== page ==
A Journal of Formal & Metrical Verse


He took her from the blazing yellow
field, slipping her in to the living dark
of his subterranean rooms. For love,
he said, and wrapped her in shadows as blue
as the skies she had left behind. Her heart –
did it wither underground, a trapped root,

as myth would have it? Or did love take root,
unfurling as slow as the shy, yellow-
whites of the sweet show-roses? Did her heart
thrill girlishly at the brute romance? Dark,
dark, and deeper dark, the gentian blue
of her eyes like stars in the dense gloom - love,

then. Her first. While above-ground, an old love
shrank and withered, cleanly pruned at the root.
The daughter blossoming. The mother blue
and wild as a weed, stitching the yellow
field with her body in light and in dark,
working the corn, looking for a sign, heart

walked flat in the split soles of her shoes, heart
pressed paper-thin, sore as a bruise. How love
will slave for its own self! But in the dark,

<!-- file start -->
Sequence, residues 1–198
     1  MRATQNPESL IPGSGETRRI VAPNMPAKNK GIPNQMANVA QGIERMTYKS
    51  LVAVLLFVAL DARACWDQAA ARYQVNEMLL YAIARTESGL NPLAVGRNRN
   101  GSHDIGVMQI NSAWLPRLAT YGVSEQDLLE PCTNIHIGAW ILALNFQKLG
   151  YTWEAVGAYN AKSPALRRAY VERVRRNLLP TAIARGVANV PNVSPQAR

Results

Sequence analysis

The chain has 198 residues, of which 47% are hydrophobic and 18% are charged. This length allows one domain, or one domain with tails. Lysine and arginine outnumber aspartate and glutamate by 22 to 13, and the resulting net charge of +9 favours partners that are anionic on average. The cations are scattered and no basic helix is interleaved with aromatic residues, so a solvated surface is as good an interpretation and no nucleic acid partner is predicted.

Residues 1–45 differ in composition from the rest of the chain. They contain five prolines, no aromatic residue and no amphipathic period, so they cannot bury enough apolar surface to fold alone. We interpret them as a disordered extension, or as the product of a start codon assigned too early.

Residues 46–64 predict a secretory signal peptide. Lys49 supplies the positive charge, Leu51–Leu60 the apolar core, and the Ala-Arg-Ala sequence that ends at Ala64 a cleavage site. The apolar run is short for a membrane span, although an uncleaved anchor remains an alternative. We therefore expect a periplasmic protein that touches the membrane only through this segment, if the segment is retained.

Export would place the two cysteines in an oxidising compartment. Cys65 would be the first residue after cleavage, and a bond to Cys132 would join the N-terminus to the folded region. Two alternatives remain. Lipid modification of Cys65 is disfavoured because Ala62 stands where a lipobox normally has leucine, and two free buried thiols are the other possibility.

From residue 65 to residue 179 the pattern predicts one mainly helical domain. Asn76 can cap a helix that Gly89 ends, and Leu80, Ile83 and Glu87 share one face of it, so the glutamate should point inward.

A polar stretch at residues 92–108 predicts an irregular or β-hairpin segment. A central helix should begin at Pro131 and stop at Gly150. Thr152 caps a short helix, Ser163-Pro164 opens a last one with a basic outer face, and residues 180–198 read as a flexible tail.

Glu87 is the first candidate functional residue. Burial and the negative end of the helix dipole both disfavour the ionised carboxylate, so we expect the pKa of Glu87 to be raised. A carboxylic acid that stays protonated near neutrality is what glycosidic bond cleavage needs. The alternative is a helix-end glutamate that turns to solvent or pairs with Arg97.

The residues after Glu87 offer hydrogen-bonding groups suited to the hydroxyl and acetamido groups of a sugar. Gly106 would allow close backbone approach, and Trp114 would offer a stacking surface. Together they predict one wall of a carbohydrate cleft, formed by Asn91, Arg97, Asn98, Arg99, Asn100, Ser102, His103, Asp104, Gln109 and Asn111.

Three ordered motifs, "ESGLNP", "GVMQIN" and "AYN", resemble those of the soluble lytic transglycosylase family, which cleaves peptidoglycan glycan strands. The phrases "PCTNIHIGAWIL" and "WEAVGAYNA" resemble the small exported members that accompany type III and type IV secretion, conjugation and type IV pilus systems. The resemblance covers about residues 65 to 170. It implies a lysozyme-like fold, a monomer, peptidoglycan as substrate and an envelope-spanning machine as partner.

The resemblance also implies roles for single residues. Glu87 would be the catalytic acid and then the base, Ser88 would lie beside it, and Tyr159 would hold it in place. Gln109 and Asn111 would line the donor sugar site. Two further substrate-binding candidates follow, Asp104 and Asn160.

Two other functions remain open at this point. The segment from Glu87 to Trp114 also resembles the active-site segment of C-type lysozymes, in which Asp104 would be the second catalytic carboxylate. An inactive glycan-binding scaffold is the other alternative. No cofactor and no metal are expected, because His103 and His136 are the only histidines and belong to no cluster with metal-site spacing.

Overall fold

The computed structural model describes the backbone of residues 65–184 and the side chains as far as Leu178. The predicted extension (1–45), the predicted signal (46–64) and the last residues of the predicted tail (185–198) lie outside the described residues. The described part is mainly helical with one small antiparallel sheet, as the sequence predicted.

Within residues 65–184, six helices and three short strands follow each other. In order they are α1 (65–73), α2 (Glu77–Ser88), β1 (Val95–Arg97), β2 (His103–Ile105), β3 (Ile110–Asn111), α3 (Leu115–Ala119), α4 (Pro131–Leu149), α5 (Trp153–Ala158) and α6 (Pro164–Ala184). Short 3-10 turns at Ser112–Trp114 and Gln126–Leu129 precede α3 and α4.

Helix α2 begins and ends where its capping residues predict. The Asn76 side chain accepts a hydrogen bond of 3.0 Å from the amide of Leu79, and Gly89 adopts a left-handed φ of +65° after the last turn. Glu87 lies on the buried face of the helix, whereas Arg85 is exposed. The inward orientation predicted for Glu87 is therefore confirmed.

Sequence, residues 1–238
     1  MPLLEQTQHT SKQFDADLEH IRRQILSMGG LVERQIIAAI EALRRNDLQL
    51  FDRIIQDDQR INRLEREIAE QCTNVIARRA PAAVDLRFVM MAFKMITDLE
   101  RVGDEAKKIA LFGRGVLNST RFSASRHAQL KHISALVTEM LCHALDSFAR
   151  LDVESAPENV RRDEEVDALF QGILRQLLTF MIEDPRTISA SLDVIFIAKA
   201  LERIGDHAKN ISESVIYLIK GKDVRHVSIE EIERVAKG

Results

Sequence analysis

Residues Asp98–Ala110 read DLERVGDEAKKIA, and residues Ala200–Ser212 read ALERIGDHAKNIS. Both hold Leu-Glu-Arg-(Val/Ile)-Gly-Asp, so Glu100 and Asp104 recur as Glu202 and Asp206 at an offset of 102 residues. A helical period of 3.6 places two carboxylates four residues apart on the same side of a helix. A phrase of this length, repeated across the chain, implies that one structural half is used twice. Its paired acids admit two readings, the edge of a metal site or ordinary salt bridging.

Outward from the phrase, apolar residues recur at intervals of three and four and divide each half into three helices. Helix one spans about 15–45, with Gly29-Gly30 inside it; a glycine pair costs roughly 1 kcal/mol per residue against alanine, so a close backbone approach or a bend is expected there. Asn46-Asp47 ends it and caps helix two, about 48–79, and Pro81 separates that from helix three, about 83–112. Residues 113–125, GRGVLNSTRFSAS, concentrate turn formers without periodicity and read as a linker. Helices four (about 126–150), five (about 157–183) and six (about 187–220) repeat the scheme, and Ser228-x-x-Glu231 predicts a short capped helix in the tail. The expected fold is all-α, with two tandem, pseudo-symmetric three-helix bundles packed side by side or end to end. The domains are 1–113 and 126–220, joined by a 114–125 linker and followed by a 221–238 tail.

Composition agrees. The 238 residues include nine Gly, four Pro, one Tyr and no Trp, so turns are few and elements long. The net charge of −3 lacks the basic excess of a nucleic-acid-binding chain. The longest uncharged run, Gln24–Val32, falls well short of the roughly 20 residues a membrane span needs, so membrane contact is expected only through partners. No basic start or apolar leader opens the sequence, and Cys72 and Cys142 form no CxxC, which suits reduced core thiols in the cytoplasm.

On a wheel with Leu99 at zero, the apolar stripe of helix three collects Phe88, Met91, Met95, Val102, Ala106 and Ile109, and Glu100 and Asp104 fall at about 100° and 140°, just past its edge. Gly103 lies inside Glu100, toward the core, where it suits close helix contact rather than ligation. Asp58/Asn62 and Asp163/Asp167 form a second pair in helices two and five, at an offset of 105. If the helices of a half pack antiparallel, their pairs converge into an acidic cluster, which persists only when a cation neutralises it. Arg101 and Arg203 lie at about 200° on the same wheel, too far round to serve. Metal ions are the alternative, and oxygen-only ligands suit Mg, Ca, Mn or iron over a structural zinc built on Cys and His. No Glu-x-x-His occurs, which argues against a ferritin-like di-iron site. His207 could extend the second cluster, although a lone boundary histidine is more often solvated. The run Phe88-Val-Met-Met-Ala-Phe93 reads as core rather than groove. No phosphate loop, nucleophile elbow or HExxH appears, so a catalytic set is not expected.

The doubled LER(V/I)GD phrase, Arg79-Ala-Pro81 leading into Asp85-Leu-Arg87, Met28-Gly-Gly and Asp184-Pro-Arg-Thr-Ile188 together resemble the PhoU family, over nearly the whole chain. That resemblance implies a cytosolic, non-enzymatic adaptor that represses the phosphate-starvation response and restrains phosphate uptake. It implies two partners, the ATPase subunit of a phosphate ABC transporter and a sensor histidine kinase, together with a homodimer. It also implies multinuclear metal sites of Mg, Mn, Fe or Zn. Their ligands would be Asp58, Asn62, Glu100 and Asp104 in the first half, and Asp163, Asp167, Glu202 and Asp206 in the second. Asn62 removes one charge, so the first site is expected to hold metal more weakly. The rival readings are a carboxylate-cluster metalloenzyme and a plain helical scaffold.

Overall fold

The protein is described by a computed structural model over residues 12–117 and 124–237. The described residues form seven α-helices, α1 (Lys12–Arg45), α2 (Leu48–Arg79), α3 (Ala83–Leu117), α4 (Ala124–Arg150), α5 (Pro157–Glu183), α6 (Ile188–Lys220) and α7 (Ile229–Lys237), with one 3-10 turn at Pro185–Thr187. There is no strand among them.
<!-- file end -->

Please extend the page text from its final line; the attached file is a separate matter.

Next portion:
it ultimately strangles: no bud, root,
or green leaf, no quick river or yellow
sun. Gone, the new shoots, the bright season: blue

ice snaps its teeth at every nude branch, blue
ice shuts each lake like a tin-lid. The heart
of Winter, cold and slow. A sky, yellow
with unspent snow. An embargo on love
and no promise of thaw - and at the root
of it all, the grief that comes of loss. Dark

the gaping days and nights, dark the earth; dark
the otherworldly spread of vault and blue
grotto the girl ruled. Blind, white as a root,
her duty pulling the seams of her heart
tight, cinching it thin and hurting - how love
smothers! Mother, lover. Treacly yellow

amber gumming a dark bug to its heart.
Love brightened her blue mood. Love kept her. Love
felt like slow death, yellow, stanched at the root.

By Cheryl Pearson

Cheryl has been writing poetry for several years but has only recently started submitting her writing for publication. She has been published in Best of Manchester Poets (Puppywolf Press) and The Roundtable Review, and has also had a poem featured in the Guardian's monthly poetry workshop. She lives in the North of England.